I see that fractals also came up in the other current thread.

I can see the believableness of your conjecture (Turing-completeness
of the Mandelbrot set), but I see this (if true) as intuitive
(heuristic, "circumstantial") evidence that reality is more than what
can be computed.  (My belief in the intuition's base outside of
computation is an example of where I'm coming from.)  There are
undecidable properties of fractals (iterative function systems, IFS),
and it has been conjectured that all non-trivial properties of IFS's
are undecidable.  With the Mandelbrot set it is so geometrically
complex (the pun here is appropriate since this set involves the
complex numbers) that it is easy to believe that you could find your
mother-in-law of even a super-model in there somewhere.  But take
another fractal like the Koch Snowflake, which also has undecidable
properties.  Yet is it entirely made of line segments which are at
only three angles.  I can't believe that reality could be restricted
to this kind of complexity.

Have you heard of fractal Turing machines, which incorporate real
numbers?  Perhaps this is something to be explored in the Everything


On Aug 13, 2:23 am, Bruno Marchal <[EMAIL PROTECTED]> wrote:
> Hi Tom,
> > Nice.  I see beauty in the Mandelbrot set.  However, there seems to be
> > a lot of deja vu, similar repetition on a theme.
> Right. But full of subtle variations.
> It is all normal to have a lot of deja vu when you make a journey
> across a multiverse ...
> >  I have never been
> > able to find anything resembling a beautiful girl,
> You are not looking close enough, and also, the zoom movie remains a
> pure third person description. Consciousness is more related to a
> internal flux or to some stroboscopic inside views in the Mandelbrot
> Set (assuming the conjecture).
> It is a bit like looking to a picture of a galaxy. You will not see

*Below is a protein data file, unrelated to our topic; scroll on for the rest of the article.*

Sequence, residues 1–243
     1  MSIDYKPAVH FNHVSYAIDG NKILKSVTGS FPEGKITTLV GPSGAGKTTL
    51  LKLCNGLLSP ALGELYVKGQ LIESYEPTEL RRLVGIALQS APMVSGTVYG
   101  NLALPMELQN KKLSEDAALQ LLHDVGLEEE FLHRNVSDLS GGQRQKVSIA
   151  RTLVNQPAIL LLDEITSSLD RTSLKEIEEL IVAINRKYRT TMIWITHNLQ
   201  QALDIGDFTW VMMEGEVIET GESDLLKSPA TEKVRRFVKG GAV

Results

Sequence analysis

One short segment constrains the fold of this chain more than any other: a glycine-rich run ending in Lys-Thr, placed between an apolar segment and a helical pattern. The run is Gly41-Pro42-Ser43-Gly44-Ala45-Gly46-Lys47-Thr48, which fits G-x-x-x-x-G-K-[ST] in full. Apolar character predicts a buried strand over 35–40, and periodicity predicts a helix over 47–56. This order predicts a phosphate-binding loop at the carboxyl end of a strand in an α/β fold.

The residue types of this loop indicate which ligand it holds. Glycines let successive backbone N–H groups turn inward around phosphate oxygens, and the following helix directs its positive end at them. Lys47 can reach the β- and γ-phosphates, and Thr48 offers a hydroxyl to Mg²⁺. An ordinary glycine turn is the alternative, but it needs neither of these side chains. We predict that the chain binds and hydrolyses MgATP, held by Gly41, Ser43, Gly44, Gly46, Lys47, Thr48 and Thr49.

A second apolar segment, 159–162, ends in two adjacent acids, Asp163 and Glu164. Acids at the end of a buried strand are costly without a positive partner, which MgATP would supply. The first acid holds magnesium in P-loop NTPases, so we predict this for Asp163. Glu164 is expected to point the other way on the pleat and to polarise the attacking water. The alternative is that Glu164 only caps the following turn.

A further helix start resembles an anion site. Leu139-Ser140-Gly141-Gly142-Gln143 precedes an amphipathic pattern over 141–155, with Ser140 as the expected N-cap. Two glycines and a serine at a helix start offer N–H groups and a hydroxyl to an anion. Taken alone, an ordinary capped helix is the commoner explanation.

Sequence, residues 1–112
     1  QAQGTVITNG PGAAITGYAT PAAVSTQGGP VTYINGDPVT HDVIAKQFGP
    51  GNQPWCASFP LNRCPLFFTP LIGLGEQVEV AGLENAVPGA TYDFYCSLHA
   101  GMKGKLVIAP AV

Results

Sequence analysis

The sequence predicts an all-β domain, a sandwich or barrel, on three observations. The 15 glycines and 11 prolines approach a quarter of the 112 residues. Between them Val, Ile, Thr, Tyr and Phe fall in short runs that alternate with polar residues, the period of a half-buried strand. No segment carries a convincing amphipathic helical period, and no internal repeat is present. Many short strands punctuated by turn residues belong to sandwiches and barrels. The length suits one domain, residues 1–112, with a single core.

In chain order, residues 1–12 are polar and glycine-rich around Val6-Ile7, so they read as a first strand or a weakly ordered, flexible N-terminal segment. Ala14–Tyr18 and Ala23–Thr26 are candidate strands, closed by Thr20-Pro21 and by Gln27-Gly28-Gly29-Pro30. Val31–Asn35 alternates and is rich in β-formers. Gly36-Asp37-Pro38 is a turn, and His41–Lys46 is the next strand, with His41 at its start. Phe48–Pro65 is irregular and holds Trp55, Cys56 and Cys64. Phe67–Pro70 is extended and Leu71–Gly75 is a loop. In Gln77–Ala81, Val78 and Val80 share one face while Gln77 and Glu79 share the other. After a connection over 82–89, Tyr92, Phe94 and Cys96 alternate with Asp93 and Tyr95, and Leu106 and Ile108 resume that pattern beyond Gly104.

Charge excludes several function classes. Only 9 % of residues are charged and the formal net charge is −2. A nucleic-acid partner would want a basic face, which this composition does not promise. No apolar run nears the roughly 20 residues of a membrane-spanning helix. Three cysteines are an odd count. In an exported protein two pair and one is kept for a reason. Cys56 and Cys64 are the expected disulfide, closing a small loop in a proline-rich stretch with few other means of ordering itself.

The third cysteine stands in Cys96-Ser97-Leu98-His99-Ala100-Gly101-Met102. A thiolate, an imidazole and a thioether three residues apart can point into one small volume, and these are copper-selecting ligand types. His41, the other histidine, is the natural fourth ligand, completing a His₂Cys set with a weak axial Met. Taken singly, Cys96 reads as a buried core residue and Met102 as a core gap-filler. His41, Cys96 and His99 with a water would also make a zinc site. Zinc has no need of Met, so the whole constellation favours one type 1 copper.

> beautiful girls, unless you look close enough, and from the right
> perspective.
> > or even a mother-in-
> > law, or a white rabbit.  This seems to go against your conjecture.
> (remember also that "not seeing something" is not an argument of
> not-existence, like seeing something is not an argument for existence).
> If you want to see a white rabbit (*the* white rabbit),  the best
> consists in looking at
> http://fr.youtube.com/watch?v=Z5XfQWKgf4M&feature=related
> As for the mother-in-law, I am not sure about your motivations ...
> (Holiday jokes :)
> Bruno
> > Tom
> > On Aug 12, 8:30 am, Bruno Marchal <[EMAIL PROTECTED]> wrote:
> >> On 09 Aug 2008, at 09:44, Tom Caylor wrote:
> >>> I believe that nature is not primarily functional. It is primarily
> >>> beautiful.
> >>> And this from a theist?  Yes!  This is actually to the core point of
> >>> why I am a theist.  I don't blame people for not believing in God if
> >>> they think God is about functionality.
> >> If you remember my conjecture that the Mandelbrot Set, (well, its  
> >> complement in the complex plane), is Turing complete (that is  
> >> equivalent in some sense to a universal dovetailing), then zooming in
> >>  
> >> it gives a picture of the arithmetical multiverse or of the universal
> >>  
> >> deployment. And I do find most of them wonderfully beautiful. Here is
> >>  
> >> my favorite on youtube:
> >>http://www.youtube.com/watch?v=G0nmVUU_7IQ
> >> Is that not wonderful? Awesome ?
> >> Bruno
> >>http://iridia.ulb.ac.be/~marchal/
> http://iridia.ulb.ac.be/~marchal/- Hide quoted text -
> - Show quoted text -
You received this message because you are subscribed to the Google Groups 
"Everything List" group.
To post to this group, send email to [EMAIL PROTECTED]
To unsubscribe from this group, send email to [EMAIL PROTECTED]
For more options, visit this group at 

Reply via email to